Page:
Sanders’s insistence on a class-conflict narrative is what really distinguishes him from run-of-the-mill “progressive” Democrats. He is willing to name a class enemy — “the millionaire and billionaire class” — and articulate a politics based on the conflict between that class and the working-class majority. Our healthcare system is unjust because there are companies that profit from it. Jeff Bezos is absurdly rich because Amazon workers earn poverty wages.
And it’s not just Sanders’s political narrative that advances class struggle, it’s the concrete platform he runs on. Medicare for All, free public college, a $15 minimum wage, and a Green New Deal would represent the largest redistribution of wealth and power from America’s capitalist class to its working class in generations. Bernie Sanders’s political platform is anchored in the politics of decommodification — of removing large sections of the economy from the for-profit marketplace.
These structural reforms, like Medicare for All, would concretely empower working people to advance struggle even further. Unions would no longer have to bargain over complex and often concessionary healthcare provisions in their contracts, which would open space for more aggressive stances on wages, working conditions, and democracy on the job. People in abusive work or home relationships would have an increased ability to leave such situations knowing that their health care is not dependent on remaining in that abusive job or relationship. Students would not face crushing debt that constrains their life decisions. And the capitalist class would be denied avenues for profit in major sectors of the economy.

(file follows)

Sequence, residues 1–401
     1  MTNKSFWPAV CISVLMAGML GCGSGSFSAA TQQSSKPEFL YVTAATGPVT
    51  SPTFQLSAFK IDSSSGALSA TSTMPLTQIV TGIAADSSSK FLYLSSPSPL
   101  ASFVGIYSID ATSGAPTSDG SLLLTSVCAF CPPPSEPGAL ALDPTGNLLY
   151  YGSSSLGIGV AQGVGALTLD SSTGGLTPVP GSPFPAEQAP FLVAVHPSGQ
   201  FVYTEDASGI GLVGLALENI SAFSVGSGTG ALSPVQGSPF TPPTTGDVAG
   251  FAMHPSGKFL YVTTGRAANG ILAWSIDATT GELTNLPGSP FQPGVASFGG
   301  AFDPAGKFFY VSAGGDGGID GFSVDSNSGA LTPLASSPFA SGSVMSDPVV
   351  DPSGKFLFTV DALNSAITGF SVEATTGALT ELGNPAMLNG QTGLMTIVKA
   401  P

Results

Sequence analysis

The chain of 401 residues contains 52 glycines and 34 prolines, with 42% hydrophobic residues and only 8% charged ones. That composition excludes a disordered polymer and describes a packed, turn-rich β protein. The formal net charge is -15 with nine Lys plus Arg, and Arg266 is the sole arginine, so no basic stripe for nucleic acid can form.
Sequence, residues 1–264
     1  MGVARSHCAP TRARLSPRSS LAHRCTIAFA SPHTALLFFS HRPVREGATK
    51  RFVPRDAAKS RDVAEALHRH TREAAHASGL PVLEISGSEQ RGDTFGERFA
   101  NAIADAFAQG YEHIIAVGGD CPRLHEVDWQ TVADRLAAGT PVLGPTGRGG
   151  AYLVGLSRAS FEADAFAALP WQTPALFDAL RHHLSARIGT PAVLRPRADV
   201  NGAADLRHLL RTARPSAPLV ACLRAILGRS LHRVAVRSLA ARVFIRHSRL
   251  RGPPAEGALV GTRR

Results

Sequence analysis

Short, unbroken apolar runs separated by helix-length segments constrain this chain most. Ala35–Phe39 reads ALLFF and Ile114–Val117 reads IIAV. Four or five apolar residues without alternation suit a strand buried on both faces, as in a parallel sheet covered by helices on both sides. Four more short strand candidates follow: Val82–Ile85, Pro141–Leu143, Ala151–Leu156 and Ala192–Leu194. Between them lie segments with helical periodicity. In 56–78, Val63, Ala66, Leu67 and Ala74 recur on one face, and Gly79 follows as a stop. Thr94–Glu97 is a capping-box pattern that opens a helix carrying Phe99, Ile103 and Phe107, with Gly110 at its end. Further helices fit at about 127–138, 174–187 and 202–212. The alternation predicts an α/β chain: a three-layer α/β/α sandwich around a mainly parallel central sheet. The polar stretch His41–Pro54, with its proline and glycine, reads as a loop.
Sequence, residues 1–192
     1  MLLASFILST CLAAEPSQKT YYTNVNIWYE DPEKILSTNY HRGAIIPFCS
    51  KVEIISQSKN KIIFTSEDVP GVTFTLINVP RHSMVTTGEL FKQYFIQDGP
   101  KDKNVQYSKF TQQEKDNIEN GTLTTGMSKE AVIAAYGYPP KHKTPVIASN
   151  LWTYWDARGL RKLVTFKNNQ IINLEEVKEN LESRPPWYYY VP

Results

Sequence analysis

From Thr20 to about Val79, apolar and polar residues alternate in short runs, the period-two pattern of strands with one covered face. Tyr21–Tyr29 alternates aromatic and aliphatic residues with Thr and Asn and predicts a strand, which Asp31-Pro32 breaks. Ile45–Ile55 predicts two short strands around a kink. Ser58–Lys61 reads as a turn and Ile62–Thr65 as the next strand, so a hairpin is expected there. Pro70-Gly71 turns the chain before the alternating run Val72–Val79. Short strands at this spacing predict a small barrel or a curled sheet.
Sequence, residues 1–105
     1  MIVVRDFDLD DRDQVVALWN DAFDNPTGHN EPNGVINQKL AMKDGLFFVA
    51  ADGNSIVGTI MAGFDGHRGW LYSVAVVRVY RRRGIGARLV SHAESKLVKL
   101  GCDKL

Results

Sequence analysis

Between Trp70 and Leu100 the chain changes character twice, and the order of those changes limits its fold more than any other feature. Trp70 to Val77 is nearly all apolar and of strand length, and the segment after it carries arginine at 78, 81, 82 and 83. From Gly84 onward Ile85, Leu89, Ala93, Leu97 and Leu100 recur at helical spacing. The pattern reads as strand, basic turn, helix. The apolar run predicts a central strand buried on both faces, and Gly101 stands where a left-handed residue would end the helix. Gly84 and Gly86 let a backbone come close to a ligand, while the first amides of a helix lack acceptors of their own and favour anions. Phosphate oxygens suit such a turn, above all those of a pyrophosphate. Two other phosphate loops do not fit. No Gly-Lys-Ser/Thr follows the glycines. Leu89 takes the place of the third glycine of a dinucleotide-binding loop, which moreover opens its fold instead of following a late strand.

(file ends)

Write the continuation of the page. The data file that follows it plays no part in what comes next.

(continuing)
In both political rhetoric and concrete platform, a Bernie Sanders presidential run offers the best opportunity in several generations to bring a class-struggle message to tens of millions of people and drive it straight into the heart of American politics. It has the potential to reshape this country’s political landscape — both within the state and among grassroots movements.
Building a Mass Movement
Almost all socialists agree that to seriously challenge the capitalist class, we need a mass movement. But if that’s the case, we should seriously think about what that means.
Just to put things into perspective, DSA has a membership of about 55,000 in a nation of 325 million. At its peak in 1944, the Communist Party USA had about 80,000 members in a nation of 138 million. The Corbyn-era UK Labour Party has swelled to more than 540,000 members in a nation of 66 million. Of course, membership numbers do not simply equal social power, and there is no “magic membership number” that will automatically result in political success.
But these figures help illustrate an important point: if we want to be part of a viable project to effect a socialist transformation of our society, the organized socialist movement in this country will need to be hundreds-of-thousands or even millions of members strong. And those organized socialists will need to be embedded in even larger movements of working people fighting for our class interests — for strong and democratic labor unions as well as for issues like healthcare, the environment, housing, and education.